iPhone SE is Amalgam of Three Generations

In a teardown, IHS has revealed its early estimate of the production cost of Apple’s iPhone SE. The firm estimates that the handset costs about $160 to build; the entry-level US version, with 16GB of storage, has a bill of materials (BOM) of $156.20, rising to $160 when the manufacturing cost is added. The same phone retails for $400.

Andrew Rassweiler of IHS described the iPhone SE as, “an amalgamation of three iPhone generations – iPhone 5S, iPhone 6 and iPhone 6S – rolled into something altogether new… Despite its physical resemblance to the iPhone 5S, the resulting product is far superior. In fact, the only significant tradeoffs a consumer would make with the iPhone SE against the iPhone 6S is smaller size and lower screen resolution.”

According to the teardown, the SE borrows its overall design from the iPhone 5S, specifically in terms of size and display resolution. Internally, the device shares many RF components, for LTE connectivity, with the iPhone 6, as well as the same MDM9625 Qualcomm chip. The processor is Apple’s own A9 SoC with DRAM to support interactive gaming and other processor-intense uses: the same as the iPhone 6S.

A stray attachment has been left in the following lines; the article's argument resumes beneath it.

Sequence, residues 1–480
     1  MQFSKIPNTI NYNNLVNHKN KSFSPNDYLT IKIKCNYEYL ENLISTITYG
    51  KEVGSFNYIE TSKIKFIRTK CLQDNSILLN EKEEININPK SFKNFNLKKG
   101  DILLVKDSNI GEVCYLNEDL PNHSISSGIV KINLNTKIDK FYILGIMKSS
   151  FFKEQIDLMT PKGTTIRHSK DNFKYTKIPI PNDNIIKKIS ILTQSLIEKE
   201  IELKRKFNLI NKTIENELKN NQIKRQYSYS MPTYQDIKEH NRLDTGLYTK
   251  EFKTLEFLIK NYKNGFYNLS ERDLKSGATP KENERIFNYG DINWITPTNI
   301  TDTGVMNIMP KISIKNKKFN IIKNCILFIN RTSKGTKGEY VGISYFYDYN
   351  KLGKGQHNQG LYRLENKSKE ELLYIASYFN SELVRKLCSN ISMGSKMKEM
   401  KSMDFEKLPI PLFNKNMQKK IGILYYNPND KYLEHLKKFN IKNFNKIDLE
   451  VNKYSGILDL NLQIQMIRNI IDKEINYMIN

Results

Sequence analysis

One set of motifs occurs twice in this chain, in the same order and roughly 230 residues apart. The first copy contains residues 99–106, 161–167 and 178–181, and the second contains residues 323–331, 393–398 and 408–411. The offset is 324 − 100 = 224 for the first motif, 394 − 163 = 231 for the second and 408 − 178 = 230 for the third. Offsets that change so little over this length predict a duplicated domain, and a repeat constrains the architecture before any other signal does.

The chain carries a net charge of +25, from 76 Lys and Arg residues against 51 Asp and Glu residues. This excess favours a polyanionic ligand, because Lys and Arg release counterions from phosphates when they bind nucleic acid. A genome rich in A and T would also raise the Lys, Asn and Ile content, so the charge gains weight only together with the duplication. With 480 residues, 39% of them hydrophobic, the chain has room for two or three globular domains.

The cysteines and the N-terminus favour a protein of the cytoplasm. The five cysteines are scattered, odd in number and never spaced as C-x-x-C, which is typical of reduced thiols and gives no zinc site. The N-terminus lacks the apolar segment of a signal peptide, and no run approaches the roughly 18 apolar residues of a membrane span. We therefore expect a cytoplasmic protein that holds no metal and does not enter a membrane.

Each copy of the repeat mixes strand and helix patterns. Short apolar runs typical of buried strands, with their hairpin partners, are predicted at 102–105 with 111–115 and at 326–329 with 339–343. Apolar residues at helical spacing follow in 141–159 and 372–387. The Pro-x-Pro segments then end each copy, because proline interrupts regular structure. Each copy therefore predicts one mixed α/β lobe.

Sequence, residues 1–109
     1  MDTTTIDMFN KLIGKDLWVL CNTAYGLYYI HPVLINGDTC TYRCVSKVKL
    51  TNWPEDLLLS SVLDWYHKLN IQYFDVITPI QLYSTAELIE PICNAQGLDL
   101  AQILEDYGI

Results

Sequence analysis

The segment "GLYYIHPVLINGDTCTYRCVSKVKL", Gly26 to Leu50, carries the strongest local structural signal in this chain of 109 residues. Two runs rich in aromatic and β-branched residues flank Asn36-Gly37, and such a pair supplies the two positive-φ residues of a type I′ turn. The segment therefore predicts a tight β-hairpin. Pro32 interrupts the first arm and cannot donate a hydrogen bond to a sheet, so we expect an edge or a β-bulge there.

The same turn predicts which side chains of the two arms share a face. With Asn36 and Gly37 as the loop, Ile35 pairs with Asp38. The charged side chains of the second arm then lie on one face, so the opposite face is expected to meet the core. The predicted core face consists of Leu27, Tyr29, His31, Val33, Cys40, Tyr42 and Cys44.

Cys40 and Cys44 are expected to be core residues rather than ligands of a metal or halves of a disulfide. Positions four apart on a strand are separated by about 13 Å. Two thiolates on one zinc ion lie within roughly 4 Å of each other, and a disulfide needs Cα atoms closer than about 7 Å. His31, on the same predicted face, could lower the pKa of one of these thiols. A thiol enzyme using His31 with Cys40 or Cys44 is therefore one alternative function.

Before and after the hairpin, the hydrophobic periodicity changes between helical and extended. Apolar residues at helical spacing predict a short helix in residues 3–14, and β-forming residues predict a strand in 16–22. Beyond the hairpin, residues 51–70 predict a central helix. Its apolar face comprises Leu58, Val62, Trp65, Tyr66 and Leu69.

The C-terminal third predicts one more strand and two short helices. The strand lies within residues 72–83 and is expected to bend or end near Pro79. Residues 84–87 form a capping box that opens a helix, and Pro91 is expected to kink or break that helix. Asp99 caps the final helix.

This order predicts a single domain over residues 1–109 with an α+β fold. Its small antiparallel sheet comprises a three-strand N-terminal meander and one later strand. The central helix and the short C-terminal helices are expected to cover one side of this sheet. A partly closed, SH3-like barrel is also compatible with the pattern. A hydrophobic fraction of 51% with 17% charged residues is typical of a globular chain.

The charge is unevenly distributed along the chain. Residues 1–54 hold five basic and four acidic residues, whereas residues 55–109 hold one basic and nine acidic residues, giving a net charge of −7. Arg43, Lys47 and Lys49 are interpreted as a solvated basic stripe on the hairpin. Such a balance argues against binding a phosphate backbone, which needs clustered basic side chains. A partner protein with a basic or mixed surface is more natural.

As with the iPhone 5C, the iPhone SE is an attempt to bring more people into the Apple ecosystem. The phone has a lower gross margin than other iPhones, but Apple is counting on peoples’ willingness to pay more for a phone with more memory: the 64GB version brings an additional $89 in profit for Apple over the 16GB edition.

The 4″ display, with Gorilla Glass and in-cell touch, is one of the single most expensive components of the phone. However, the $20 is less than half the cost of the same display in the iPhone 5S, when that handset was originally released. This shows how Apple has improved its margins over time, and how display makers’ costs fall as processes mature.

IHS found an LG Display panel in the iPhone SE that it purchased. However, Apple also buys from Japan Display (JDI) and Sharp. On average, these are split into 40% JDI, 35% LGD and 25% Sharp. Orders were split between three vendors to ensure an ongoing supply.

Analyst Comment

From now, I will refer to the iPhone SE as ‘the Frankenphone’. (TA)